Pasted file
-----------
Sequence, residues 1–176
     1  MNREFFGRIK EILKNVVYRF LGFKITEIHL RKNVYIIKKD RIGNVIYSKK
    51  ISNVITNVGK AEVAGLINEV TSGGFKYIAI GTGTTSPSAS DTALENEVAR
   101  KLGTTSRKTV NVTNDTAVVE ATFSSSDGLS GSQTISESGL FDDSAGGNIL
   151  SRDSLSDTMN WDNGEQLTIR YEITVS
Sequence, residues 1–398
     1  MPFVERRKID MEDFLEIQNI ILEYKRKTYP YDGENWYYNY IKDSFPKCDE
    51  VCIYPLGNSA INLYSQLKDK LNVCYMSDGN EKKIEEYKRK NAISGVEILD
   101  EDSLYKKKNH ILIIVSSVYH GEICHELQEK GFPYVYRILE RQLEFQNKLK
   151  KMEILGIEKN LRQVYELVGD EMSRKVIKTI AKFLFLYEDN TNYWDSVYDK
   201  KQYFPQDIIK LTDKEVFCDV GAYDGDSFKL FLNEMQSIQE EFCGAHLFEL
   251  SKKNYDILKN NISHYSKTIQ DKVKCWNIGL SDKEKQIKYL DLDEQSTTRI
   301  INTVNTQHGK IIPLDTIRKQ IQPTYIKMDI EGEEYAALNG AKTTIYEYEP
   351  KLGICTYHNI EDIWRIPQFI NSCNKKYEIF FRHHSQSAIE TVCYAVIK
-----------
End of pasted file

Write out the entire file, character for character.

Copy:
Sequence, residues 1–176
     1  MNREFFGRIK EILKNVVYRF LGFKITEIHL RKNVYIIKKD RIGNVIYSKK
    51  ISNVITNVGK AEVAGLINEV TSGGFKYIAI GTGTTSPSAS DTALENEVAR
   101  KLGTTSRKTV NVTNDTAVVE ATFSSSDGLS GSQTISESGL FDDSAGGNIL
   151  SRDSLSDTMN WDNGEQLTIR YEITVS
Sequence, residues 1–398
     1  MPFVERRKID MEDFLEIQNI ILEYKRKTYP YDGENWYYNY IKDSFPKCDE
    51  VCIYPLGNSA INLYSQLKDK LNVCYMSDGN EKKIEEYKRK NAISGVEILD
   101  EDSLYKKKNH ILIIVSSVYH GEICHELQEK GFPYVYRILE RQLEFQNKLK
   151  KMEILGIEKN LRQVYELVGD EMSRKVIKTI AKFLFLYEDN TNYWDSVYDK
   201  KQYFPQDIIK LTDKEVFCDV GAYDGDSFKL FLNEMQSIQE EFCGAHLFEL
   251  SKKNYDILKN NISHYSKTIQ DKVKCWNIGL SDKEKQIKYL DLDEQSTTRI
   301  INTVNTQHGK IIPLDTIRKQ IQPTYIKMDI EGEEYAALNG AKTTIYEYEP
   351  KLGICTYHNI EDIWRIPQFI NSCNKKYEIF FRHHSQSAIE TVCYAVIK